Cleveland on Cotton: Expect Pricing to Approach 80 Cents on 2013 Crop
Led by new crop, that is the December 2013 contract, all futures contracts either moved higher or held near unchanged during the New Year’s first week of trading. Concerns over both the Indian and Pakistani crops were also noted as we have long held that stocks in those countries were overestimated. While March continued to hold the 74-76 cent price level with ease, the new crop December contract moved near 80 cents, buying planted acreage all the way. The rally in new crop, brought on by fears of ever declining 2013 planted area, rallied to a high of 79.66 before the stabilizing above 79 cents. It is too early to run much higher, but be on the lookout for advancement into the low 80’s.
Over the holidays others bought in to our argument that the mass of Chinese carryover stocks will be held off the market. Nevertheless, those stocks will be released only to the tune of immediate domestic Chinese mill requirements. Imports will not be banned, but imported cotton brought into the country outside the quota will continue to be subject to 40 percent import tax. Even at that, U.S. cotton will remain very competitive in the 74-76 cent range, basis the New York nearby contract.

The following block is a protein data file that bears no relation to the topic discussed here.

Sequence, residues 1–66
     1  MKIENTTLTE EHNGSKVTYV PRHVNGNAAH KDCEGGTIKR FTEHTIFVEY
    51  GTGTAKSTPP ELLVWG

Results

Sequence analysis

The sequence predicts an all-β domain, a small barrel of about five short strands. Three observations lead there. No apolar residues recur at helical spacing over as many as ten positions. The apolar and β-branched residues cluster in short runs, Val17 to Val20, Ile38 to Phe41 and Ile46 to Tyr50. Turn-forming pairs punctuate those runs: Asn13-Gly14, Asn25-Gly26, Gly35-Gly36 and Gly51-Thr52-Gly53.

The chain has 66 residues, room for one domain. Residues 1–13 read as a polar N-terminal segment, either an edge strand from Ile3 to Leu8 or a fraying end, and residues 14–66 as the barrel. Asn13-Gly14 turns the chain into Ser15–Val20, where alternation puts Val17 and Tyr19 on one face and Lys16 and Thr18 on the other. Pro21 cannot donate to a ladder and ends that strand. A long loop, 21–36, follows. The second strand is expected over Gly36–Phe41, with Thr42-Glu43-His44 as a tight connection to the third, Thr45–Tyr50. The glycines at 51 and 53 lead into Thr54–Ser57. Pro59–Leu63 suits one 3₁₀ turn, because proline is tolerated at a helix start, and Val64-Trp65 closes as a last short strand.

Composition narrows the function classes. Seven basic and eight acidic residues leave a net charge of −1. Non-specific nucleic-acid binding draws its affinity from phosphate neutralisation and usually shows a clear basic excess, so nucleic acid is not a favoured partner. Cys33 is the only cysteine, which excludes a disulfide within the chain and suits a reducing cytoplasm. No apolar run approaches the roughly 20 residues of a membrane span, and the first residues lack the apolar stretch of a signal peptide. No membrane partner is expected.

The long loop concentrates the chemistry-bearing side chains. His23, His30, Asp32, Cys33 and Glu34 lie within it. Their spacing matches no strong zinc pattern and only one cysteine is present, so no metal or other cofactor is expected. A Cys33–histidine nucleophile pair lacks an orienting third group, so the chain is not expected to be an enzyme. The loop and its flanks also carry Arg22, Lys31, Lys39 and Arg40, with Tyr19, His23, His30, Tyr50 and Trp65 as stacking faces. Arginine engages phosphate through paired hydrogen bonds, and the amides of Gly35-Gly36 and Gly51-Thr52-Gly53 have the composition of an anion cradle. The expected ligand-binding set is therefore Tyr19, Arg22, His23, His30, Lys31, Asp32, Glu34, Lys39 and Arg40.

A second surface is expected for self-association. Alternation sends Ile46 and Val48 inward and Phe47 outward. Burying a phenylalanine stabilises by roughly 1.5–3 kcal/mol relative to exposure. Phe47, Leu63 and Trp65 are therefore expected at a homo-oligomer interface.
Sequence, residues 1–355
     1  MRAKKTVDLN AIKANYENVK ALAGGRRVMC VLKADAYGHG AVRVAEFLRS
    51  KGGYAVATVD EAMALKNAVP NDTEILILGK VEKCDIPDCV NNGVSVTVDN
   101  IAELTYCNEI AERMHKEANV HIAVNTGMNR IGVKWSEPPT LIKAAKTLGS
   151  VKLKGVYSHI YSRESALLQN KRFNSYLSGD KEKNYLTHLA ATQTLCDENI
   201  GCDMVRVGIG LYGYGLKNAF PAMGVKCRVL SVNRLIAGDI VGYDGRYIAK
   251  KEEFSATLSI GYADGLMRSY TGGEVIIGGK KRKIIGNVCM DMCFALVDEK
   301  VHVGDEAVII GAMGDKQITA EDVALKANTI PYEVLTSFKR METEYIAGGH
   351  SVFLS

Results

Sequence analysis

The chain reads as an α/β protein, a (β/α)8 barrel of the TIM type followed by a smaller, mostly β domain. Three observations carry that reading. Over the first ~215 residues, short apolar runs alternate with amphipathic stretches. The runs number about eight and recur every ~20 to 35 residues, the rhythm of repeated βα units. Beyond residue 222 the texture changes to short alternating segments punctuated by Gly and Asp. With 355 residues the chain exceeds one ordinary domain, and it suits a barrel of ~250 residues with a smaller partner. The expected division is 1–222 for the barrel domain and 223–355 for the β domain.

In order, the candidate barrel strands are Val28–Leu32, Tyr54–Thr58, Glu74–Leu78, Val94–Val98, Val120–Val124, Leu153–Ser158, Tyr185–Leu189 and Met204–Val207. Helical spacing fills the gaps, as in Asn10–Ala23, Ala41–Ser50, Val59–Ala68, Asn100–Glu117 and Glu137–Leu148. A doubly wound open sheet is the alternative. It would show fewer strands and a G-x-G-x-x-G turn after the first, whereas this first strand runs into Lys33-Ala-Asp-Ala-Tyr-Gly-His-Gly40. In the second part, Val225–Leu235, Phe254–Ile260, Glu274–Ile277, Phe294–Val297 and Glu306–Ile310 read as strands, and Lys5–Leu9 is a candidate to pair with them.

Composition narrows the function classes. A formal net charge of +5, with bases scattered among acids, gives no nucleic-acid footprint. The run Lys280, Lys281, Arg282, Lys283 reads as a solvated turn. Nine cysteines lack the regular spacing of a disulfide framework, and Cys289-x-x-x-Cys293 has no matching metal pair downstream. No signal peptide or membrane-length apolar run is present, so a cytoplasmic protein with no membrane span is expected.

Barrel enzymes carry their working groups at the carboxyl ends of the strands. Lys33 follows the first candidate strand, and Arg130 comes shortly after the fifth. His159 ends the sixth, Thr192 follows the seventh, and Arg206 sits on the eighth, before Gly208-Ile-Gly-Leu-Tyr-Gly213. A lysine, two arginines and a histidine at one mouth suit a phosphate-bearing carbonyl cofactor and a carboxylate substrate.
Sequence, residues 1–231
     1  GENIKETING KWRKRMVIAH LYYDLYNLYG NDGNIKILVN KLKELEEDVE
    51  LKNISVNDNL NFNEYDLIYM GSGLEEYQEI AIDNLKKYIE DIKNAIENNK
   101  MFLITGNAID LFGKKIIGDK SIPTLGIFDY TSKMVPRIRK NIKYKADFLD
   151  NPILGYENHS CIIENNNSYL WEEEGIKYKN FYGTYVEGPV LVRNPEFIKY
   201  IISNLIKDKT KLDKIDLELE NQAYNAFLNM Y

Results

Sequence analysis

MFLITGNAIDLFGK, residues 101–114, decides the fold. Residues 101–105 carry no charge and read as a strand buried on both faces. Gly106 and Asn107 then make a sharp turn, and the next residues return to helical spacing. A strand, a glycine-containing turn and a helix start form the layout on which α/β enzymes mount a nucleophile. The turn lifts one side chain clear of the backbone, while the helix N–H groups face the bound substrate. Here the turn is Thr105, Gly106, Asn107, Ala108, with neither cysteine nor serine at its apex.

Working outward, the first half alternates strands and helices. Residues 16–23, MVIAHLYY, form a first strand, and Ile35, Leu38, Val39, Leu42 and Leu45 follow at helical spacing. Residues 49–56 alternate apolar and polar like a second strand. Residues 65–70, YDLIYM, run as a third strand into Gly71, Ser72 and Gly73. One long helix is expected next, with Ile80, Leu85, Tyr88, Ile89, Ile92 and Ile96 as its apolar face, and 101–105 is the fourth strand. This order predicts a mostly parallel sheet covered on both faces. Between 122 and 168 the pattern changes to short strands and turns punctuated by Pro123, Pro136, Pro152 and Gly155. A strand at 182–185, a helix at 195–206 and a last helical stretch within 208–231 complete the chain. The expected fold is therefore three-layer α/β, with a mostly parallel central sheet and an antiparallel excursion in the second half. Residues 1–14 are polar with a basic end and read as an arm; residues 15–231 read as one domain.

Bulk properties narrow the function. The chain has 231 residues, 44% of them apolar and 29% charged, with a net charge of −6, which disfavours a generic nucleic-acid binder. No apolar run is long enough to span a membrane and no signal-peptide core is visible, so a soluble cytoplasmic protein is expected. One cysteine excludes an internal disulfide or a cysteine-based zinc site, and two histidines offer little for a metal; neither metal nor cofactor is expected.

Export sales were strong given that the Chinese were on holiday last week as total net sales climbed above 200,000 bales. Net Upland sales, while below recent weeks, were still 180,600 RB with another 17,200 RB of Pima, both for 2012-13 shipment.
Sales of 3,200 RB of Upland were made for the 2013-14 marketing year. Export shipments remand on schedule as 57 percent of the USDA forecast has been shipped to date, compared to the five year average of 58 percent. U.S. and Chinese economic data continue to suggest that consumer spending is growing and that consumers feel more confident. This should bode well for demand throughout the year. However, the inability of the U.S. Congress to cooperate looms on the horizon and will keep the consumer a bit on edge and could prove very troubling to demand.
The Beltwide Cotton Conferences are scheduled for this Monday through Thursday at San Antonio and the atmosphere should prove very positive for agriculture in general and cotton in particular. Producers should look to begin pricing the 2013 crop on another approach of December to 80 cents. Look to price some 25 percent of expected production at that general level.